To qualify under Option (i), provide a copy of your either parent’s high school diploma or high school transcript (the primary homeschooling parent does not have to be the one with a diploma). You may also qualify for this option by providing evidence of attainment of a higher degree such as an Associates Degree or a college diploma if those are easier to locate. Once a copy of your diploma is on file, you do not need to include one in the future; simply refer to the fact that the superintendent has a copy on file.

Note: The Virginia Department of Education’s Home Instruction Manual (p. 5) says that a GED is not considered a high school diploma for the purposes of satisfying option (i) of the home instruction statute §22.1-254.1. This is because the GED is “equivalent” to a high school diploma, not an actual “high school diploma” as required by law. Parents with GEDs who have received an Associate Degree or higher may substitute that diploma for the high school diploma. Parents with GEDs may also file under option (iii) or option (iv) of the home instruction statute §22.1-254.1.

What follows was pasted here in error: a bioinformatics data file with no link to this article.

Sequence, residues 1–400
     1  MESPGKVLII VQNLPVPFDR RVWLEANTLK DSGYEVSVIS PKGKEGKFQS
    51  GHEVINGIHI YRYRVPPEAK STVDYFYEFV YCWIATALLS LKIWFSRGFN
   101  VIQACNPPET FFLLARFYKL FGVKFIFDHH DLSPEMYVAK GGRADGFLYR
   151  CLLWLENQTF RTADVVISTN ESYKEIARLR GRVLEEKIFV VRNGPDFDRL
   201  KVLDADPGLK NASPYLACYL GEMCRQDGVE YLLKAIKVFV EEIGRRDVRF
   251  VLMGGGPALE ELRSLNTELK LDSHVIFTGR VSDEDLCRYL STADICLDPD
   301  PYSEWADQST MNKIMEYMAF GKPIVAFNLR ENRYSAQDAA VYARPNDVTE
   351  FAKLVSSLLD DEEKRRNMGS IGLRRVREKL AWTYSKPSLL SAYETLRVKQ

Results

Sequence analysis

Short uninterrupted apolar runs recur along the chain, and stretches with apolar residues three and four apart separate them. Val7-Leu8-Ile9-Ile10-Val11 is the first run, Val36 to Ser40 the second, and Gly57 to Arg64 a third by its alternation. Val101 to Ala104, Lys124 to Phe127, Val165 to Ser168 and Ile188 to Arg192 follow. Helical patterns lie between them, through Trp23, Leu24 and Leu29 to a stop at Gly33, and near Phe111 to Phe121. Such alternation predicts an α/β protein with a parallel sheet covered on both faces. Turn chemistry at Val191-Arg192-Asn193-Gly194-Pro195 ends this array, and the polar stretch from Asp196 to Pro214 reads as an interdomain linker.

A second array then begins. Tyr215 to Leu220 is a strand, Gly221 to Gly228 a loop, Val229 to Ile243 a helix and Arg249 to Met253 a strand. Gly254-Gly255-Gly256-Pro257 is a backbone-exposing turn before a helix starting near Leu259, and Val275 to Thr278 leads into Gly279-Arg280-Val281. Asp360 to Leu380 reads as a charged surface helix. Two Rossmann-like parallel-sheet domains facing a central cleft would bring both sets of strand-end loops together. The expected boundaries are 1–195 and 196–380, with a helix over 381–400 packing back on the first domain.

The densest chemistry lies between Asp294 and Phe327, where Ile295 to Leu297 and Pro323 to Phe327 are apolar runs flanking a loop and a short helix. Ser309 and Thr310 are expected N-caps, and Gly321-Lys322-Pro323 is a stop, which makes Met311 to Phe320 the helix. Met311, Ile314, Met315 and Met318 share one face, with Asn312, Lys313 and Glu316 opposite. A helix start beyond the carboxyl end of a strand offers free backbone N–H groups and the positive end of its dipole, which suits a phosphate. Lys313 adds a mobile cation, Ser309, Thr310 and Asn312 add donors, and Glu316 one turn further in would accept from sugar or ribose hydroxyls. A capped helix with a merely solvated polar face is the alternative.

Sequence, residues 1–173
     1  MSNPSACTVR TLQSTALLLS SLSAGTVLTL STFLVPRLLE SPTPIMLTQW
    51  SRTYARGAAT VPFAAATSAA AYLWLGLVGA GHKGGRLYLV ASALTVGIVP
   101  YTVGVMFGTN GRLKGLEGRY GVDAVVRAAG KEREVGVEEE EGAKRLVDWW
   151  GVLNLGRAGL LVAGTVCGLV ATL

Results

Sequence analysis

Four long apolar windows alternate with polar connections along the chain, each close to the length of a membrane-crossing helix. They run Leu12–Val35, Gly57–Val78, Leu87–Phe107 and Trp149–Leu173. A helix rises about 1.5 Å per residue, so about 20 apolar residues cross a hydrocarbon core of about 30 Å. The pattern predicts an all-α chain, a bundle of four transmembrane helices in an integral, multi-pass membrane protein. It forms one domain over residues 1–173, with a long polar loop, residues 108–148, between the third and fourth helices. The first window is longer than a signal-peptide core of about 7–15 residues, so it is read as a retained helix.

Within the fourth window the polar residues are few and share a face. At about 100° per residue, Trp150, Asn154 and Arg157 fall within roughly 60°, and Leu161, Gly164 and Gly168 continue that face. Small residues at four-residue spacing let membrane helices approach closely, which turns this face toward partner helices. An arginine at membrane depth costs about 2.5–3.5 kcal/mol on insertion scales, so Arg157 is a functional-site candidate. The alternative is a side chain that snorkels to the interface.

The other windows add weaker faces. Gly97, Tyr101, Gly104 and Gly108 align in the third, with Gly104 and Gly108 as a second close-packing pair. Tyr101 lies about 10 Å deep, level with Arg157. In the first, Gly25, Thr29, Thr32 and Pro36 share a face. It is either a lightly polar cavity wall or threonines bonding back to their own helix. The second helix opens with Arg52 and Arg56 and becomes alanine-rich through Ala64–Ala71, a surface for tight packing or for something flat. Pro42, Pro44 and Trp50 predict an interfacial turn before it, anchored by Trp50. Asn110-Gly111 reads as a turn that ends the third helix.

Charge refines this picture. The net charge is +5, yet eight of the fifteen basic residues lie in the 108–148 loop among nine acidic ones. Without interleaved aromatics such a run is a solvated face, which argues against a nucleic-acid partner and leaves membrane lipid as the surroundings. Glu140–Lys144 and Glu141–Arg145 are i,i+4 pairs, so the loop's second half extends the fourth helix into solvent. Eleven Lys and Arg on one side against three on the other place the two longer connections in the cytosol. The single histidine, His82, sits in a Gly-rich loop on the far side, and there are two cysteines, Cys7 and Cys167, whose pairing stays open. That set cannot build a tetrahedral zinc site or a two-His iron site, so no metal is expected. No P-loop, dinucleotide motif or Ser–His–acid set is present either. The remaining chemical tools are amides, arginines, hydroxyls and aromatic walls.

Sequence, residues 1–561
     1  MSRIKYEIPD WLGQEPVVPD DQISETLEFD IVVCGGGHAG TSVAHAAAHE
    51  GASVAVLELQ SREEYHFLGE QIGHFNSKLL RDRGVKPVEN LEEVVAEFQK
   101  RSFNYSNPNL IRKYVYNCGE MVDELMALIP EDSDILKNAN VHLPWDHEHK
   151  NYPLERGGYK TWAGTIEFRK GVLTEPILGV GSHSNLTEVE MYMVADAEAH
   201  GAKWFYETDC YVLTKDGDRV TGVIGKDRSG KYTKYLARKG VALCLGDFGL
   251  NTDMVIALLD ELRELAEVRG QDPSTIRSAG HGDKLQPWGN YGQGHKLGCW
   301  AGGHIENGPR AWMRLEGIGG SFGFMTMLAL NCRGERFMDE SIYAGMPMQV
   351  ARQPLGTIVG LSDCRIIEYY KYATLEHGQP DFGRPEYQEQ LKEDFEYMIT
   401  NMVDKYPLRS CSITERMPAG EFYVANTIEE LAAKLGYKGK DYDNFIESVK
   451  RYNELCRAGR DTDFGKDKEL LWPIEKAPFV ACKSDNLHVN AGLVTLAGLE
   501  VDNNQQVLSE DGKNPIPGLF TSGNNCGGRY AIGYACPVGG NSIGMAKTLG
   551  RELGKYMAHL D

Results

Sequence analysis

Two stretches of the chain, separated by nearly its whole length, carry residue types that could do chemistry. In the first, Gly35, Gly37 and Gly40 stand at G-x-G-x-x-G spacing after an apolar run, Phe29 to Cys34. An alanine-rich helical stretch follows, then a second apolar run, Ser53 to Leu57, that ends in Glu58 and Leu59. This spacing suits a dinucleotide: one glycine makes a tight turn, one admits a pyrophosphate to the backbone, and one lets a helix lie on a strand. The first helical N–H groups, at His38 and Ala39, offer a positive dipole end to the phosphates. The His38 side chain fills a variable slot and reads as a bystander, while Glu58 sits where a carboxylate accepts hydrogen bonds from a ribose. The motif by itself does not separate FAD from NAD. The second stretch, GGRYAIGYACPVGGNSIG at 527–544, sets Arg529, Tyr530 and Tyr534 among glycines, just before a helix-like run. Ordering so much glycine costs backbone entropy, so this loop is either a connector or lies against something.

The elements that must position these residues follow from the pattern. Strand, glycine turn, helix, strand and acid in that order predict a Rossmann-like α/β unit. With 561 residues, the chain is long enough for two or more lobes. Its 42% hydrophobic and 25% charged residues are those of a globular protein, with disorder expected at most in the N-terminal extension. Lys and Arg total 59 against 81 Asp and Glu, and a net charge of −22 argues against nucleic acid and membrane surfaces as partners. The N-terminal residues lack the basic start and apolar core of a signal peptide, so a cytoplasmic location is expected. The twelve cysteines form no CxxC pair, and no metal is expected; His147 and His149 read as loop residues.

Option (ii): Is a teacher of qualifications prescribed by the Board of Education

To qualify for Option (ii), provide a copy of a either parent’s current teaching certificate or statement to this effect from the Virginia Department of Education (the primary homeschooling parent does not have to be the one with a teaching certificate).

Once a copy of the teaching certificate is on file, you do not need to include one in the future, unless it has been renewed since last filing; simply refer to the fact that the superintendent has a copy on file.

Note: Parents with a valid Virginia teaching certificate may also qualify to teach their own child under the Approved Tutor provision. For more information, see All About the Approved Tutor Provision.